Free Shipping on USA orders $99+
The story was originally published in LOCALadk Magazine in the Spring 2020 issue. LOCALadk Magazine is all about inspiring people; to climb, to ski, to ride, to think, to create, and to explore. Their readers eat well, live healthy, responsible lifestyles, and enjoy both the in and outdoors of the Adirondack Mountains. Ultimately, their goal is to motivate their readers to interact with the local surroundings, whether it be paddling on a great SUP adventure, red-pointing a favorite climbing route, or enjoying the newest farm-to-fork restaurant in town. They do this by celebrating, documenting and investigating local Adirondack Mountain lifestyle, and delivering fresh written and photographic content with passion. Normally, you be able to easily pick up the latest copy in a local Adirondack business, but with the current state of the country and the spread of COVID-19, it's best to read the digital issue online.
North Creek is home to one of the largest pieces of community art in the North Country. Artist Kate Hartley has been working on creating a beautiful and detailed mosaic art installation on a 40-year-old retaining wall in the middle of town. The North Creek Mosaic Project (link goes to Facebook page) was started just over nine years ago and is on track to be finished during its 10th anniversary year. The wall when completed will span 180 feet long and in spots reach 11 feet high. This wall is a true community project in that Kate invites and wants people to help. To date, almost 2000 people have contributed in some way, including children, teens, and adults.
The overall theme of the wall captures some of the best aspects of the Adirondacks through nature and how we enjoy the Park’s recreational opportunities. Wildlife can also be found hiding throughout the wall. Fish splash in cold streams, heron hunt along the banks of a river, butterflies fly through the forest and a bear lopes through the trees. The project has actually published a book, North Creek Mosaic Project Wildlife Guide, that describes more than 50 animals native to the Adirondacks and who also “live” on the wall. A fox who is depicted running down one of the steps between the wall sections was inspired by an actual fox that would often be seen running down the same stairway. Making a connection to the wall is easy for most, as the scenes vary to show people fishing, skiing, boating, biking and camping.
The wall is in four panels. The final section is 55 feet long and depicts a lake scene. Throughout the winter on Thursdays Kate created an “open studio” workshop free of charge for people to come in and help work on the wall. The volunteers create their part of the picture and Kate helps complete it by filling in the background area with swirls of tile and glass. When the wall warms up to 50 degrees Kate and her volunteers will be back outside attaching all the pieces assembled during the winter months.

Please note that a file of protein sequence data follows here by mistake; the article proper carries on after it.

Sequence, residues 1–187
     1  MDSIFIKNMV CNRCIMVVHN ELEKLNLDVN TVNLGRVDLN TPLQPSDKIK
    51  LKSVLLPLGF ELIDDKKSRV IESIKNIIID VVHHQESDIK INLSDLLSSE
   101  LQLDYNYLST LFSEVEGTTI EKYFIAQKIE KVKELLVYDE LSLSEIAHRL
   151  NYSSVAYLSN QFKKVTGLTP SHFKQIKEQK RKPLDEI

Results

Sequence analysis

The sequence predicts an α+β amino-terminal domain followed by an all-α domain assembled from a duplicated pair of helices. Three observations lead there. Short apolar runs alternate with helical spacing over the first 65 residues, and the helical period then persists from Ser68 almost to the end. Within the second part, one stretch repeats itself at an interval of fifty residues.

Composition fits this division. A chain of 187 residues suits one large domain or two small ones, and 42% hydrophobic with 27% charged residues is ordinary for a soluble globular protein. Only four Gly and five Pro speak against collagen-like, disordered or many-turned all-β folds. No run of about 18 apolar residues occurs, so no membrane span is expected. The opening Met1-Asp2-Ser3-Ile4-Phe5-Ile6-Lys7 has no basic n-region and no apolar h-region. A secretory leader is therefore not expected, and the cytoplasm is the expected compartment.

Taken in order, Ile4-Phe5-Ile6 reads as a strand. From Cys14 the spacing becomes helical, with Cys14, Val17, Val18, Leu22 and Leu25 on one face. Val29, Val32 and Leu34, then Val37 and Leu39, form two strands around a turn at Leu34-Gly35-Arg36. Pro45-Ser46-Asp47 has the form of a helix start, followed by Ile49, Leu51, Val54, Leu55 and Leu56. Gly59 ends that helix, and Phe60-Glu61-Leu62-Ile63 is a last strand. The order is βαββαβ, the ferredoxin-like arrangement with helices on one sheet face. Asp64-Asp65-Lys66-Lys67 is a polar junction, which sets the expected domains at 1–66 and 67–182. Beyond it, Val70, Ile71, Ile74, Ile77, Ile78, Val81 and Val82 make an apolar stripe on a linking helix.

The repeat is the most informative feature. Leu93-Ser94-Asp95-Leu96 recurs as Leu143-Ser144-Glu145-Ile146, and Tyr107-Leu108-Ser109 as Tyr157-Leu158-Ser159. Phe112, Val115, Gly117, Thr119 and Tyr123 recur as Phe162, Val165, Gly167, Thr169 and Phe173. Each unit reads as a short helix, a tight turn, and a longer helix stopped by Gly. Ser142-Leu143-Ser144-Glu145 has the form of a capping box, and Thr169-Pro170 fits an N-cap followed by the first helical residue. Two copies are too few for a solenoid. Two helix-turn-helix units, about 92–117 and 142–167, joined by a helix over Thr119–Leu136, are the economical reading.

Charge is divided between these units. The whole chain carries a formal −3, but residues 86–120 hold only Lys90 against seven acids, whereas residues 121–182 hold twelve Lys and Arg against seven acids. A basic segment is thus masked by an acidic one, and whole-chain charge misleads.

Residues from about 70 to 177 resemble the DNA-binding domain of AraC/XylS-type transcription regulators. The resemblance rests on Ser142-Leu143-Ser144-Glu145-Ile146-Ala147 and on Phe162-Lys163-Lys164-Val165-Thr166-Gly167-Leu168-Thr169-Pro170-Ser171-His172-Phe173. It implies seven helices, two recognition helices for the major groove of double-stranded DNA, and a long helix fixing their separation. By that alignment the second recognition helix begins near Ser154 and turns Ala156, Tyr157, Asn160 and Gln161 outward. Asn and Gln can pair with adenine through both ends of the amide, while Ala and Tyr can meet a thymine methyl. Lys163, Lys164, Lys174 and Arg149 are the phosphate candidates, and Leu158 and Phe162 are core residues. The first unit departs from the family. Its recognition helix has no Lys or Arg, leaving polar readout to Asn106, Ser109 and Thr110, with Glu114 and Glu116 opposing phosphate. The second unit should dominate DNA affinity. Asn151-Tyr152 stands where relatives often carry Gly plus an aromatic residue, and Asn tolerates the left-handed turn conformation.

I decided the best way to really understand this project was to attend the open studio. Meeting Kate was like meeting an old friend. She greeted me with a huge smile that never left throughout the night and her passion and joy for this project was infectious. With no knowledge of what my artistic abilities were she asked what I wanted to make for the wall. I picked a dragonfly to keep things simple and Kate proceeded to teach me the steps: draw, trace, cut glass, lay out and glue. The work it took me to make a simple dragonfly quickly made me realize the enormity of the detail and thought that goes into every piece of the wall. It is truly incredible.
Children have been a big part of this project, local kids especially. Every class from the local Johnsburg Central School has participated in some way. Kate also has many regular volunteers, some of whom were working on specific projects the night I joined them. Wendy from Wevertown has been a part of the project from the beginning, and when asked what draws her to the project, she states the fun and creative process. The feeling of pulling the pieces together to create a scene gives her great satisfaction. She proudly tells me she is actually in the wall, riding on an inner tube down the river. Beth and her husband, Peter, who are also there that night, are regular volunteers and have come that night to work on one of the paddles that makes up the frame of the wall. Beth says the feeling of community and the pure fun of it draws her to the project. She tells me about a special part of the wall that she and her daughter worked on together, a wave. Brian, a veterinarian and a potter from Warrensburg, was attending his first open studio session. When he arrived with the hope to create and add a coyote to the wall, Kate enthusiastically said yes. Brian simply loves the project, the community aspect and the beautiful artwork, and he appreciates an outlet for his creative side. Visitors also make up a large portion of the volunteers, from summer residents to people just passing through. Kate says much of the tile and glass is donated by people who simply love the project and want to help in some way. A community project, indeed.
Funding for the project has also been a mosaic of sorts and is ongoing. Some of the supporters are Rivendell Foundation, Community Fund for the Gore Mountain Region, Warrensburg High School and Barton Mine to name just a few. The earlier-mentioned book is a fundraiser along with note cards and T-shirt sales. They also currently have a GoFundMe campaign under Help Kate Finish the North Creek Mosaic Wall in 2020.
Take a trip to North Creek and see the beautiful wall for yourself.